‘Gloomy Perceptions of the European Economy are Much Exaggerated’
On November 29th Howard Davies, Director of the London School of Economics and Political Science (LSE), gave a public lecture at the HSE cultural center on ‘Europe — the lost continent?’. The meeting was organized by the HSE International College of Economics and Finance.
Howard Davies is a well known name among economists and financiers. Before being appointed Director of the LSE, he was Chairman of the Financial Services Authority of the Great Britain, and prior to that he was Deputy Governor of the Bank of England. In addition to that, for a number of years Howard Davies was Director General of the Confederation of British Industry and during this time wrote several books on global financial regulation, the banking system and the world financial crisis. His speeches and lectures always attract interest from experts as well as students and the general public.
‘Since 1966 I have been regularly coming to Russia’, Howard Davies said, ‘and yesterday, walking on Red Square, I was thinking that your country has not much changed since that time. But I always have this impression while I’m on the main square in Russia, and it seems to me that this impression has nothing to do with reality’.
This time Howard Davies’s lecture was dedicated to the analysis of crisis and post-crisis events in EU countries. In his speech he tried to answer three key questions: How far is the economic gloom justified?; Has Europe faded into economic and political insignificance?; and If so, should Russia care?
‘While the world economy is gradually recovering from the global financial crisis,’ the lecturer said, ‘the balance of power in the world is changing considerably. Experts stress the rapid economic growth in China and India in comparison with all the other countries. While for many years the U.S. economy has been the locomotive of the world economic processes, today the USA is no longer able to play this dominant role, since the ‘center of gravity’ has obviously moved East. Accordingly, the world economy model as a whole is changing’.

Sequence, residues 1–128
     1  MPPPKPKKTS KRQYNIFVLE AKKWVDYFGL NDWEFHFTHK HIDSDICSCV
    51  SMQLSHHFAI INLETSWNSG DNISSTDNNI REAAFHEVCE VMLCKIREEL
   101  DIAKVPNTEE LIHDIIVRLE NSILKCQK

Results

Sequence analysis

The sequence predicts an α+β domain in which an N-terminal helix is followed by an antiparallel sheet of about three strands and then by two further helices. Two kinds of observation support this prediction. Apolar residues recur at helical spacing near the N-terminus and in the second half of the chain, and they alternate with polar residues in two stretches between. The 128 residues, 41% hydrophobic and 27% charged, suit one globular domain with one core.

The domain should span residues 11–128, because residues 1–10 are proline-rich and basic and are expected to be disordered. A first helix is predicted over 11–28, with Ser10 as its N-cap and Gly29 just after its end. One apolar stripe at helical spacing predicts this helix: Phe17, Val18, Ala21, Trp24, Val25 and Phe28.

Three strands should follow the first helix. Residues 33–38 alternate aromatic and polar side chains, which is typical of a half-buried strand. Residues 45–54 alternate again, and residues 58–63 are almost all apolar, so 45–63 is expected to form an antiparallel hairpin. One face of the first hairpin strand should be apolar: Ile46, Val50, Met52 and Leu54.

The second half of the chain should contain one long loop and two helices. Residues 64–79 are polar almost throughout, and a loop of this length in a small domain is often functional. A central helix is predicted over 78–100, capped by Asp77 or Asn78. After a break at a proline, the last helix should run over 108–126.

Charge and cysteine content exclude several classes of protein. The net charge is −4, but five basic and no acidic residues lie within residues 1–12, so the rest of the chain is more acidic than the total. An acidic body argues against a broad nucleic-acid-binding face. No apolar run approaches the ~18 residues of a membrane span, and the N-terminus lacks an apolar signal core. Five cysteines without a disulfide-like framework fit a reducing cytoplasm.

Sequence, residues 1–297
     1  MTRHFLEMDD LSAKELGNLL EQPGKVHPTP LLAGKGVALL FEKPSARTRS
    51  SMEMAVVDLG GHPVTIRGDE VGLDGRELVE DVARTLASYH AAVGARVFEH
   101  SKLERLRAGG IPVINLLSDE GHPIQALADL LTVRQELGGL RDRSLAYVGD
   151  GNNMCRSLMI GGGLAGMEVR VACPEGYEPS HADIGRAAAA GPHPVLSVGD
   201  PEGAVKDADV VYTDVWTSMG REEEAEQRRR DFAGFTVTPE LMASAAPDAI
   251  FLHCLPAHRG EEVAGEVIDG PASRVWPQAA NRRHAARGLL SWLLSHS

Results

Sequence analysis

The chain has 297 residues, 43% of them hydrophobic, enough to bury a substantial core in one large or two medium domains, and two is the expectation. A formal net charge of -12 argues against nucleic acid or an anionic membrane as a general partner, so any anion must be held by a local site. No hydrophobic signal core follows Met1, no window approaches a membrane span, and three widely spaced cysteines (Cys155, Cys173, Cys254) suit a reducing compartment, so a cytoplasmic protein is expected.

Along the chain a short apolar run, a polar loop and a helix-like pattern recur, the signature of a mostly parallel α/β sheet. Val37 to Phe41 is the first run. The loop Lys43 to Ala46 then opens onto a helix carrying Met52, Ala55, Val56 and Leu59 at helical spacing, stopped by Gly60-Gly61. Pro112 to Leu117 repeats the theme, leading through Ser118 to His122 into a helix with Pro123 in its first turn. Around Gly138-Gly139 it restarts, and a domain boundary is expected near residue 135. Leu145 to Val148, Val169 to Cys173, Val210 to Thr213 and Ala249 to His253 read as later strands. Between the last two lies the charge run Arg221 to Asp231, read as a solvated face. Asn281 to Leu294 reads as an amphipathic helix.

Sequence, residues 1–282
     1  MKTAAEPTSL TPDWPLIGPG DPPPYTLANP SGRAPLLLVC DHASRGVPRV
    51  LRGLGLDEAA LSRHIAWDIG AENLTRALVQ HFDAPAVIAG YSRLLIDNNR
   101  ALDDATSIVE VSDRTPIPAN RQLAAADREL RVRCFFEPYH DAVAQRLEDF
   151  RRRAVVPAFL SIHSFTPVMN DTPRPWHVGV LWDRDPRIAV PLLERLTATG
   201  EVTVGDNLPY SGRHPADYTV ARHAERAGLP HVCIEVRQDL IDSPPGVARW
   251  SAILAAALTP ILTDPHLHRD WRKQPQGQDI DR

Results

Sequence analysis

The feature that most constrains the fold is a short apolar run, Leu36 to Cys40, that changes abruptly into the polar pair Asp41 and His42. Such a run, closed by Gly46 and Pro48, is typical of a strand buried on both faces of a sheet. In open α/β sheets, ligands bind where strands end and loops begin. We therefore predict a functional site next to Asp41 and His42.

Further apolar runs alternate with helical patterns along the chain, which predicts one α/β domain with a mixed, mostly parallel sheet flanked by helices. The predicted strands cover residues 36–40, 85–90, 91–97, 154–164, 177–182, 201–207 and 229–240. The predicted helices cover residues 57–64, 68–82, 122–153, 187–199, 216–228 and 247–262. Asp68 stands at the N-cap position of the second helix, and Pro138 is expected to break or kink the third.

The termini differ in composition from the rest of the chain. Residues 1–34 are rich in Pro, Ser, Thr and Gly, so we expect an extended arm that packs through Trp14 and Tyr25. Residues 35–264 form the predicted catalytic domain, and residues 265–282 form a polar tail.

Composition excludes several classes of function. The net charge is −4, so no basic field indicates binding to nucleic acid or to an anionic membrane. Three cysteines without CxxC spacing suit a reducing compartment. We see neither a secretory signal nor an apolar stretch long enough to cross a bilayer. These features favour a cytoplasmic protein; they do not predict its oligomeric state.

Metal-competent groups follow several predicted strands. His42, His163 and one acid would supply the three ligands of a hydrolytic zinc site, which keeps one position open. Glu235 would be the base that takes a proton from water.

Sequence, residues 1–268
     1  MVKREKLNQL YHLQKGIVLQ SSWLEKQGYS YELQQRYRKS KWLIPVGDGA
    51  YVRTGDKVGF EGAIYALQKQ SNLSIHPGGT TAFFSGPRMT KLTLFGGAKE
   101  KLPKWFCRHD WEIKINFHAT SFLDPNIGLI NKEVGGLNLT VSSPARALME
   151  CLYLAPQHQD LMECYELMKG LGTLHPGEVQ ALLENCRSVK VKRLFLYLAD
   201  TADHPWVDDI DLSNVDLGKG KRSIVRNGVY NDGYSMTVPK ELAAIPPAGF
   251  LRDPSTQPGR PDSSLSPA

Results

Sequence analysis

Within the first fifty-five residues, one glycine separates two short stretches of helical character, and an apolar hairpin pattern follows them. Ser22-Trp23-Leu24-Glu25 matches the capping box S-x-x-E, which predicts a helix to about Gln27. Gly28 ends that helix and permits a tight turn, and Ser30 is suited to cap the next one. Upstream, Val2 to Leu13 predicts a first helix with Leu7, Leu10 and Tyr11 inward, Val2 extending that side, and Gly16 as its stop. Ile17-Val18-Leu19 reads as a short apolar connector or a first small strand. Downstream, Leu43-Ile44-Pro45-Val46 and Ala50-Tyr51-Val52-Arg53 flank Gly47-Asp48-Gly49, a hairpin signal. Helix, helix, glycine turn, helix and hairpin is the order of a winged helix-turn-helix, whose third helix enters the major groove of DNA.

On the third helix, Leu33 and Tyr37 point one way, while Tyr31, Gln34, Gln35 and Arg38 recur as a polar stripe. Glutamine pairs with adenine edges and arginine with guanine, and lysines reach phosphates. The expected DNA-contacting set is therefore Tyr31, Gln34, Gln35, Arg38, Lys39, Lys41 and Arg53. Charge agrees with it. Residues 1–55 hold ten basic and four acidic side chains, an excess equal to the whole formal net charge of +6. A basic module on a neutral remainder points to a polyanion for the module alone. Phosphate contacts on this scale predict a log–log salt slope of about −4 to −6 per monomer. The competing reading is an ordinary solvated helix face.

Giving an analysis of the economic situation in the Eurozone, Howard Davies drew the audience’s attention to the disappointing ‘forecast’ for Southern European countries (Spain, Portugal, Italy, Greece), as well as to serious problems in the economies of Iceland, Ireland and Baltic states. At the same time, Germany is demonstrating stable growth thanks to its exports and considerable investments in Asian markets. According to the speaker, The EU’s economy as a whole is characterized by ‘weak growth’, despite the fact that the Eurozone is experiencing serious pressure from troubled, poorly developed economies of some European countries. So, the lecturer emphasized, the gloomy perceptions of the European economy as a ‘black hole’ are much exaggerated. Anyway, Europe is more effectively facing the contemporary economic challenges than the USA. The economic model of the EU has proved to be stronger that many had thought’.
Summarizing his speech, Mr. Davies shared his opinion on the necessary reforms needed to bring the Eurozone countries out of the crisis or at least prevent the development of more serious problems within the EU. Speaking about the difficulties of introducing new mechanisms of EU economy administration, Howard Davies quoted an English proverb ‘If something is inevitable, it's wise to welcome it’.
Answering a question about how important the balance of powers in the world economy is for Russia, the speaker said: ‘Since the European Union is the largest trade partner of the Russian Federation, your country cannot be indifferent to the problems of European countries. After all, Russia exports not only oil and gas to Europe, but also football players’.
The audience of the lecture was mostly students and teachers of the HSE International College of Economics and Finance, with which Howard Davies and the LSE has had many years of successful cooperation. Despite the gravity of the topic, Howard Davies maintained the audience’s attention and injected some humour into the topic.
Valentina Gruzintseva, HSE News Service
Photos by Nikita Benzoruk